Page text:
This Emmy Award-winning show is hosted by Japanese organizer and author Marie Kondo, who rose to fame in 2015 after her seminal book, “The Life-Changing Magic of Tidying Up,” became a global sensation.

Kondo’s signature KonMari method helps people control clutter and get rid of old items by asking which things spark joy — and saying a tender thank-you and goodbye to anything that doesn’t. Guided by Kondo’s gentle encouragement, on-screen hoarders whittle down their treasure troves. 

Average episode length: 40 minutes

Available seasons: 1 

Episodes per season: 8

Follow the stars: @mariekondo

For the drama fiend: ‘Selling Sunset’selling sunsetChrishell Stause and Maya Vander on “Selling Sunset.”

Courtesy of Netflix

Watch “Selling Sunset” on Netflix

If you spend your Monday nights watching the tears and drama unfold as a former NFL player or beauty queen date 30 suitors, or if you have RHONY on in the background as you fold your laundry, then this drama-filled reality show about life in the real-estate biz is for you.

It follows luxury brokers such as Chrishell Stause and Jason Oppenheim at LA-based-firm the Oppenheim Group as they sell mansions with infinity pools to sunny southern California’s wealthiest residents. 

Average episode length: 30 minutes

Available seasons:  5

Episodes per season: 11

Follow the stars on instagram: @chrishell.stause, @thechristinequinn, @jasonoppenheim

For the drama fiend: ‘Million Dollar Listing New York’ryan serhant million dollar listingLuis D. Ortiz, left, Ryan Serhant and Fredrik Eklund from “Million Dollar Listing NY” attend a 2014 event.

Evan Agostini/AP

Watch “Million Dollar Listing New York” on Peacock TV 

Before there was “Selling Sunset,” there was “Million Dollar Listing” — another dramatic look inside the lives of real-estate agents who make millions selling homes to the wealthy. While the series started in LA, their New York City spinoff is some of the best real-estate reality TV out there.

On top of the big personalities that drive the show, from Fredrik Eklund to Ryan Serhant, you’ll get to see inside some of the swankiest Manhattan and Brooklyn cribs out there.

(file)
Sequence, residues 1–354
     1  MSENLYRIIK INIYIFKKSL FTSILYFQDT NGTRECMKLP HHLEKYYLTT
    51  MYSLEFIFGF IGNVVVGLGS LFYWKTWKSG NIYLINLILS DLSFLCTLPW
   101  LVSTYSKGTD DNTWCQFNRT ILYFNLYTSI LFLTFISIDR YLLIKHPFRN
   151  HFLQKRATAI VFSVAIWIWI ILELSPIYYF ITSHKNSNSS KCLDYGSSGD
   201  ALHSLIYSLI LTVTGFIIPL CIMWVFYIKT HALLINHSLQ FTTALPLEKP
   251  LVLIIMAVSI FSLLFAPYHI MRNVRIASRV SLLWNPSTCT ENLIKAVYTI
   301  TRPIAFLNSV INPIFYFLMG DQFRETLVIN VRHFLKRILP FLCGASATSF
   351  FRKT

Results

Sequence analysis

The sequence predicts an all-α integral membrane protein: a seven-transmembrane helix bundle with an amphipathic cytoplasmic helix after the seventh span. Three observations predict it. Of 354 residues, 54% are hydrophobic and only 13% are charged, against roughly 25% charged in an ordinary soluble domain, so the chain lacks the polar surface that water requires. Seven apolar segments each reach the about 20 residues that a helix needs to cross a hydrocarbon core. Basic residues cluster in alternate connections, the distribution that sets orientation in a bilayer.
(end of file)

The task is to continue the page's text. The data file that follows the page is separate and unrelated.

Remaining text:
Average episode length: 40 to 55 minutes

Available seasons:

Episodes per season: 9 to 16

Follow the stars on instagram: @ryanserhant, @fredrikeklundny

For the Home Depot cardholder: ‘Fixer Upper’Chip and Joanna GainesJoanna and Chip Gaines of “Fixer Upper.”

NBC/Getty Images

Watch “Fixer Upper” on HBO Max

Wife-and-husband duo Joanna and Chip Gaines flip rundown Texas homes for a living.

Their show, which ran for 13 seasons and wrapped in 2018, was No. 1 on HGTV. (They now release content on their own network.) The original “Fixer Upper” chronicles how their company, Magnolia, flips homes — and what it takes to turn a huge profit.

The couple is not without controversy, but that hasn’t stopped their success. The Gaineses have launched a conglomerate of businesses, from a bakery to a television network to a home-decor line, while attracting a cult following. Most of their ventures are based in Waco, Texas, which they have turned into a destination for fans of modern farmhouse style.

Average episode length: 45 minutes

Available seasons: 5

Episodes per season: 13

Follow the stars on instagram: @joannagaines, @chipgaines, @magnolia

For the Home Depot cardholder: ‘Tiny Home Nation’the interior of a tiny homeThe interior of a tiny home.

Mireya Acierto/Getty Images

Watch “Tiny House Nation” on Hulu or Netflix

Watch this show if you’ve found yourself scrolling through irresistible videos of people who live in vans or tiny homes on wheels. As owning a home becomes increasingly unaffordable, many people have turned to tiny homes. (It helps that they can be extremely photogenic in the age of Instagram and TikTok.) 

“Tiny House Nation” documents what it takes to make these petite pads livable and comfortable in order to lead a more sustainable, affordable life. 

Average episode length: 40 minutes 

Available seasons: 2 on Netflix, 1 on Hulu

Episodes per season: 8

Follow the stars: @zackgiffin, @johnkweisbarth

Read the original article on Business Insider